Belinson: Analyzing Iowa State’s formula to get back on track

Tyrese Hunter talks with T.J. Otzelberger during the Cyclones’ 59–44 loss to TCU on Jan. 22.

Matt Belinson

Iowa State men’s basketball is in need of answers offensively.

If that wasn’t already clear before the Cyclones managed to only score 44 points in their loss to TCU on Saturday — good for the fewest in the 50-year history of Hilton Coliseum — then the time is definitely now.

It’s not a secret that this team’s defense has carried since T.J. Otzelberger took over the program (6th in the country in KenPom’s adjusted defensive efficiency — allowing 88.4 points per 100 possessions). It’s an identity Otzelberger is more than comfortable living with. He assembled this roster with that purpose first and foremost.

And for the first two months of the season, it all seemed to click.

But after a 12-0 start, and becoming one of the darlings of college basketball, the Cyclones have lost four of their last five games and have hit a wall when it comes to scoring the basketball — and hit it hard.

The Cyclones rank 134th in the country using KenPom adjusted offensive efficiency and are tied at 239th in the country in scoring with Patriot League member Loyola Maryland and Sun Belt member UT Arlington at 68.9 points per game.

Iowa State has shot under 45 percent from the field in league play in four of its seven games.

And if you ask Otzelberger and his players, they’ll offer up no excuses to the inept offense that’s been on display more times than not over the last seven games. They know it’s been bad.

Instead, they’ve got solutions. Or at least, they have the outline of what they think can be the answer.

“We’ve been very clear and direct with our guys about what our formula for winning needs to be and that we can’t deviate from that, regardless of what adversity or challenges we’re having relative to our offense,” Otzelberger told reporters Monday.

Let’s examine what the Cyclones have said is the blueprint to fixing their struggles, and I’ll offer my analysis of if and how this formula can work.

1. Being the aggressor

Otzelberger has been known to rely on intangible details to measure his team’s success in the early stages of his tenure in Ames.

For him, it’s about desire, fight, energy, mental toughness and being relentless. But his calling card has been “aggressiveness.”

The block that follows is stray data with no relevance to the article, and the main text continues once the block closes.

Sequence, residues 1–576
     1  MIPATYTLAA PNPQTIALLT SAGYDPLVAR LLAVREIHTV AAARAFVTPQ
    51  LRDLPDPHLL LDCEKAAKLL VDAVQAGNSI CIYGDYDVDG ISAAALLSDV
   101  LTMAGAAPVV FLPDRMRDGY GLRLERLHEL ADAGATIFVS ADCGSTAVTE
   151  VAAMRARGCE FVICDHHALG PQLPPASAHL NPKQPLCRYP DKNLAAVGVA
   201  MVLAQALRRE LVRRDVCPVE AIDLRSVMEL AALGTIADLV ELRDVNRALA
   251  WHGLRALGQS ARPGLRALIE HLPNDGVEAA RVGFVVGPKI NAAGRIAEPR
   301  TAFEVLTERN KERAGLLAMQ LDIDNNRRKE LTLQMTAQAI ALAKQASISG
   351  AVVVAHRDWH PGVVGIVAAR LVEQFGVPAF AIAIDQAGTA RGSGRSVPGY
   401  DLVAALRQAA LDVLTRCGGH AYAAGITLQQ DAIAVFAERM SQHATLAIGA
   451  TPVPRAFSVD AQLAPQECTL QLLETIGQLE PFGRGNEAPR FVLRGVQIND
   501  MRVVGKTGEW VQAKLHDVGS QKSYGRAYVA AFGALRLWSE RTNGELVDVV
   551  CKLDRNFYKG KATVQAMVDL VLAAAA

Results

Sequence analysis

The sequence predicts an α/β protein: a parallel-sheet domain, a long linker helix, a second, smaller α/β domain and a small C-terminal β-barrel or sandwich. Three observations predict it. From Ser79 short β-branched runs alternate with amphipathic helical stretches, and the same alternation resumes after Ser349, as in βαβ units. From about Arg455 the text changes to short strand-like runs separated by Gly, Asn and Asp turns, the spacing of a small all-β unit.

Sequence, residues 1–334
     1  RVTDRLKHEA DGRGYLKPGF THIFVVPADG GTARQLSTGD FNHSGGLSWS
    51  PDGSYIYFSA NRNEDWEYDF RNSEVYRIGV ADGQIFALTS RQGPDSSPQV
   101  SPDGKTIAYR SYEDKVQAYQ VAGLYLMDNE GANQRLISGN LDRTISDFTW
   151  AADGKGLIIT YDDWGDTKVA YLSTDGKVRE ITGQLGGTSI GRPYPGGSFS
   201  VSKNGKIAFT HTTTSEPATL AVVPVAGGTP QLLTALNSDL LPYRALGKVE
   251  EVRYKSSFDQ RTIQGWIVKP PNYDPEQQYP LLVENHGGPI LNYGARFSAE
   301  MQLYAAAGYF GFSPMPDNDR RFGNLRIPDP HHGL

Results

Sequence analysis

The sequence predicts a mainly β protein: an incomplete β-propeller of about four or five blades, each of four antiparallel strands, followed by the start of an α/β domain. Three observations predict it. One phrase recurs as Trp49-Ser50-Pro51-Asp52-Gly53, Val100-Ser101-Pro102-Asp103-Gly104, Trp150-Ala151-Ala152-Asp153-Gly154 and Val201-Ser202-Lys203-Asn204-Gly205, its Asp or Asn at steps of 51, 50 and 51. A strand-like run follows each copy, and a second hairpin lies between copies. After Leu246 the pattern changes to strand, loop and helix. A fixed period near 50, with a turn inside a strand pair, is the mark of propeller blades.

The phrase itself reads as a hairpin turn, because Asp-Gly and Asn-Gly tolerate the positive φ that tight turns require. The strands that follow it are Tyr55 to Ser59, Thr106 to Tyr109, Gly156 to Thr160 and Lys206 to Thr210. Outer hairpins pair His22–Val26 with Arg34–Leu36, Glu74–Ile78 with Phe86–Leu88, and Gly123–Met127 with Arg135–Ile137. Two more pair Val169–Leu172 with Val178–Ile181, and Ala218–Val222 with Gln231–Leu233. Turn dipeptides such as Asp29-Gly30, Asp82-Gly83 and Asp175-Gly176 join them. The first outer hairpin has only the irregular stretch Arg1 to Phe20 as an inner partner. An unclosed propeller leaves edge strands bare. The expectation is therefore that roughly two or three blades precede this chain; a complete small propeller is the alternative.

And Otzelberger said that piece was non-existent for the Cyclones on Saturday against the Horned Frogs, as the the team let the culmination of the worst offensive showing in Hilton’s history get to them.

Here’s what Otzelberger said it will take for Iowa State to become the aggressor again and how that impacts offense:

“Being the aggressor for us starts with our ball pressure, dictating, turning people over, having a tremendous sense of urgency,” Otzelberger said. “When we’ve been at our best, we’ve been able to do that defensively which has allowed us to generate live ball turnovers and effectively score in that manner.”

“I’m not sure why we didn’t a have a greater sense of urgency on Saturday. It’s something we’ve talked about, we’ve practiced and we’ve worked on.”

To me, being the aggressor is the start toward success.

Otzelberger is right when he says Iowa State has been at its best when it is turning people over and being aggressive up and down the floor. I think that’s a key aspect we haven’t seen in some time for this group.

In its last three losses, Iowa State has not had over four fast break points. That can’t happen with this group.

The Cyclones don’t run consistent-enough half-court offense to not operate in the open court for multiple games. Iowa State has to get back to letting defense create easy scoring chances.

That being said, I don’t think being aggressive with ball pressure is where this group has flat-lined over the last two weeks. That’s something I haven’t seen dip.

What’s changed is a lack of aggressiveness on offense, with minimal plays designed to attack the rim and put pressure near the basket.

A lot has been made about the recent free-throw line disparity between Iowa State and its opponents. But if you really have watched this team, they don’t draw fouls and they don’t attack with the dribble near the rim enough to get to the line at a high rate.